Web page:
HP 330: Oct 4 Notes - Part 2 Review
HP 330: Oct 4 Notes - Part 2 Review HP 330
Popular in Cancer: Perspectives and Controversies
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This 3 page Class Notes was uploaded by Sydney Brummett on Thursday September 29, 2016. The Class Notes belongs to HP 330 at Wichita State University taught by Dr. Paul Danner in Fall 2016. Since its upload, it has received 25 views. For similar materials see Cancer: Perspectives and Controversies in Health Professions at Wichita State University.
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Date Created: 09/29/16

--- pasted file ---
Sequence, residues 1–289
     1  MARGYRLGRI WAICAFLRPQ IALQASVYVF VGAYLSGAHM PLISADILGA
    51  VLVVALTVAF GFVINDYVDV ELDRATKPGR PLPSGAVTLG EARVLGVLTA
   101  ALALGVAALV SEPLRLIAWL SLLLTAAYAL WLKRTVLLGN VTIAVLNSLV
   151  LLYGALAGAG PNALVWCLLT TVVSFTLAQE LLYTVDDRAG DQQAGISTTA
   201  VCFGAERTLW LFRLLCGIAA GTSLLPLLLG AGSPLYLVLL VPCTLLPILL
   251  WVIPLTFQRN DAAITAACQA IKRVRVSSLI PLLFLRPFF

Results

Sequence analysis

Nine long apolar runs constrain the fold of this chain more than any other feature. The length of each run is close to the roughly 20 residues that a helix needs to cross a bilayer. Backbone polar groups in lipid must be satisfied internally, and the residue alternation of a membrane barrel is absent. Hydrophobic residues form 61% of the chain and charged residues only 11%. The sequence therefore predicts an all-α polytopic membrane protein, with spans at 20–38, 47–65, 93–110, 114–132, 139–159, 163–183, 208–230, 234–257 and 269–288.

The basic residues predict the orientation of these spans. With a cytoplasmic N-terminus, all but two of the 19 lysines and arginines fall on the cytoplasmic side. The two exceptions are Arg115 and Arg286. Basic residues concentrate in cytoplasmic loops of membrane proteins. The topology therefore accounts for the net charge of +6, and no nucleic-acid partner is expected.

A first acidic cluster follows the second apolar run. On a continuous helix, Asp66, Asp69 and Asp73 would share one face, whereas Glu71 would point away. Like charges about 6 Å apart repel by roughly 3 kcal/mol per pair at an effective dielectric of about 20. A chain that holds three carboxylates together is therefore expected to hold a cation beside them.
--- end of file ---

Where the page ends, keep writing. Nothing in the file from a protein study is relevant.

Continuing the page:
Part Two Review ** All of these notes are quoted from Professor Danner • Mary Woodward Lasker • “If toothpaste deserved advertising at a rate of two or three times $4 million a year then research against disease maiming and crippling people in the United States and in the rest of the world deserved hundreds of millions of dollars,” Mary Lasker o People could make a profit off of the toothpaste, but not the cancer research • In 5 years, Mary Lasker had raised the Cancer society from the dead • The idea of chemotherapy – a chemical that could cure cancer outright – “the penicillin for cancer,” as the oncologist Dust Rhodes at Memorial Hospital descried it – fascinated Lasker • Lasker eventually turned from seeking strategy to publicize the crusade against cancer; she sought a strategy to run the crusade • In 1954, after a furious bout of political lobbying, the senate authorized the NCI to build a program to find chemotherapeutic drugs in a more directed, targeted manner o By 1955, this effort, called the Cancer chemotherapy national Service Center was in full swing • A consortium of researchers was created to share patients, trials, date and knowledge o The proposal changed the field o For the first time an academic oncologist felt as if he had a community o The cancer doctor was not the outcast anymore, not the man who prescribed poisons from some underground chamber in the hospital. • The researchers agreed to proceed with a series of common trials, called protocols, as soon as possible. • In the process, a deep and fundamental principle of oncology was developed: o “Cancer needed to by systemically treated long after every visible sign of it had vanished” • Clinical research became a matter of urgency. • Howard Skipper found two pivotal discoveries: o Chemotherapy typically killed a fixed percentage of cells at any given instance no matter what the total number of cancer cells was o By adding drugs in combination, he could often get synergistic effects on killing • Since different drugs solicited different resistance mechanisms, and produce different toxicities in cancer cells, using drugs in concert dramatically lowered the chance of resistance and increased cell killing • Since most of the early anticancer drugs were cytotoxic the threshold between a therapeutic “cancer-killing” dose and a toxic dose was extremely narrow • William Maloney wrote, “if we didn’t kill the tumor, we killed the patient.” • Thrown into the uncertain frontlines of cancer medicine, juggling the most toxic in futuristic combinations of drugs, the doctors fell back to their oldest principles: o They provided comfort • It was discovered that leukemia cells were growing explosively in the spinal fluid by the millions, colonizing in the brain o The brain and spinal cord are insulated by the tight cellular seal called the blood-brain barrier that prevents foreign chemicals from easily getting into the brain. • The story of leukemia – indeed, the story of cancer – isn’t the story of doctors who struggle ad survive, moving form one institution to another o It is the story of patients who struggle and survive, moving from one embankment of illness to another. • Resilience, inventiveness and survivorship – qualities often ascribed to great physicians – are reflected qualities, emanating first form those who struggle with illness and only then mirrored by those who treat them. • If the history of medicine is told through the stories of doctors, it is because their contributions stand in place of the most substantive heroism of their patients. • Instead of trying to tailor the disease to fit his medicine, Kaplan learned to tailor his medicine to fit the right disease • Cancers possessed temperaments, personalities – behaviors o So the same treatment cannot indiscriminately be applied to all o To design an ideal anticancer drug, one would need to identify a specific molecular target in a cancer cell and created a chemical to attack that target. § The fundamental biology of cancer was so poorly understood that defining such molecular targets was virtually inconceivable in the 1960s • Pinkel reasoned that while combinations of drugs were necessary to induce remissions, combinations were insufficient in themselves. o Perhaps one needed combinations of combinations – 6, 7, or even 8 different chemical poisons mixed and matched together for maximum effect • Pinkel realized since the nervous system relapses had likely occurred because even those highly potent chemicals could not breach the blood brain barrier, perhaps one still needed to instill chemotherapy directly into the nervous system by injecting it into the fluid that bathes the spinal cord. • Pinkel said that perhaps even that installation was not enough. Since x-rays can penetrate the brain regardless of the blood brain barrier, perhaps one need to add high-dose radiation to the skull to kill residual cells in the brain • Pinkel realized perhaps one needed to continue chemotherapy not just for weeks and months, but for month after month, stretching into two or even three years o Called it “total therapy” o Also called, “total hell” by the physicians • It was now believed that high-dose combination chemo could cure call cancer – once the right combinations had been found • The prospect of a systemic solution to a cure intoxicated the oncologists • December 9, 1969 a full-page advertisement appeared in the Washington Post that asked for funding for cancer research • The cure for cancer became incorporated into the very fabric of the American Dream • On December 23, 1971 Nixon signed the National Cancer Act at as all ceremony in the White House o Act was an anomaly, designed explicitly to please all of its clients, but unable to satisfy any of them • Its most ominous assessment came from the editorial pages of the Chicago Tribune: o “ a crash program can produce only one results: a crash” • On march 30, 1973 Farber was found with his face resting on his desk o Died of cardiac arrest